“I usually take three to four weeks off,” Parise said. “This year we finished up around May 7. I’m just going to start up training next week. Usually I have a good sense how I’m feeling. By that time in the season there are a lot of little injuries players have. The first two weeks are down time. By the third week off, I start to get the itch and want to start training again. In that time I’m still staying active though, playing a little tennis.”
Parise went on to describe similarities and differences in training activities as he reflected upon his development from youth, onto college, and into professional hockey.
“I wish I had the knowledge then that I have now,” he said. “(When I was younger) getting as big as you can, lifting as much as you can … I think I sacrificed form and a little bit of safety trying to do max lifts. My approach now – we don’t do a back squat (all season). Last summer I don’t think I put more than 185 pounds on a bar. I do a lot of body weight lifts, and a lot of isometric holds.”
In conversation, clearly safety and precise technique are more important in developing and maintaining strength for Parise. He also went on to describe the overwhelming importance of puck skills development for youth and developing players in the offseason.
“Growing up, I loved skating and I loved shooting pucks – that’s always been the case. Even to this day, going out before practice to shoot pucks and work on skills, or grabbing a bucket of pucks on plastic ice and shooting into a net. I love shooting pucks and working on my skills. I learned a lot of that from my dad. He said, ‘I had to work on my skills just to stay in the NHL.’”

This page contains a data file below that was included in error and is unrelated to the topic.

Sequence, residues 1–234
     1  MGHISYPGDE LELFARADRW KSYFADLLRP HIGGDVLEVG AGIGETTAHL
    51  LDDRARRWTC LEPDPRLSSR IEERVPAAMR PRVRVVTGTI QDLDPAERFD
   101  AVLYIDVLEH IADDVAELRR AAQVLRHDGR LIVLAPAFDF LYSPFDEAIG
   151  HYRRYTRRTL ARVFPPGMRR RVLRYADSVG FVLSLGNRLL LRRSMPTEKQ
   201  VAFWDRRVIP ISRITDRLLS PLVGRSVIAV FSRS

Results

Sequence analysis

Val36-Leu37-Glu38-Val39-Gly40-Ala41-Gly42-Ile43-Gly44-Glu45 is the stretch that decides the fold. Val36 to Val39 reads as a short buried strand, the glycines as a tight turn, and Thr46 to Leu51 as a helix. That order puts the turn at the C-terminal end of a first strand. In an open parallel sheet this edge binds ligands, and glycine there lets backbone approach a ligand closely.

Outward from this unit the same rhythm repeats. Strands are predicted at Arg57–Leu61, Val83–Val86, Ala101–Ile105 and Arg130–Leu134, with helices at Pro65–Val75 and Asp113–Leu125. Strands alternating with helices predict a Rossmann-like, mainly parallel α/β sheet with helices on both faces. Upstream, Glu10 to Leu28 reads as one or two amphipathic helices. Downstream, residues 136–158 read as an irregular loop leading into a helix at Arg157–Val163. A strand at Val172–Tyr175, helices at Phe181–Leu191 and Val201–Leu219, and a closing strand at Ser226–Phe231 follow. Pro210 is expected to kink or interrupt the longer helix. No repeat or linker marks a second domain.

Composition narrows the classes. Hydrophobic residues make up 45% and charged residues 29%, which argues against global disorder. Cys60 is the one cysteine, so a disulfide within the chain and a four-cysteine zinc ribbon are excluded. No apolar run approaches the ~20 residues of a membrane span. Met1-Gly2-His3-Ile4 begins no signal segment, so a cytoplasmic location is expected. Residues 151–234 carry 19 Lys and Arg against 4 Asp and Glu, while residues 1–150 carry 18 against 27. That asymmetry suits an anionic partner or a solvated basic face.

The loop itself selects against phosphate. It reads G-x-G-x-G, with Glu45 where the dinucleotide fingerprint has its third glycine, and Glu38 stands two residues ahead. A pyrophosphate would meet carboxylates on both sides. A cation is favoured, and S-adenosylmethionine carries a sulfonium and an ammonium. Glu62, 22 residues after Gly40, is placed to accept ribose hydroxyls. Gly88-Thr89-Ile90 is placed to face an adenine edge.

So what motivates a 10-year NHL veteran, and one of the best players in the world of hockey today, to keep improving his game?
First mentioned, and I sense from conversation, his primary drive is the intrinsic motivation to become the best player he can be, daily. From his comments, this is obviously a driving force in Parise’s hockey and athletic life.
“You always have that drive to want to get better,” he said. “I’m 30 years old and that hasn’t changed from when I was 16. There’s a lot I can improve on and I still want to get better.”
There is also the extrinsic motivation to win a Stanley Cup. NHL players in the Stanley Cup Playoffs exhibit this drive. They will play with bruises and broken bones, show discipline through intense pain, play at a speed and intensity of the game normally unmatched throughout the year – all while the regular player paychecks stopped at the end of the regular season.
Parise readily acknowledged this intense desire as an NHL player: “That want to win. There’s one team that has a successful year, and 29 teams whose players are disappointed how things turned out. There’s that motivation to win the Stanley Cup.”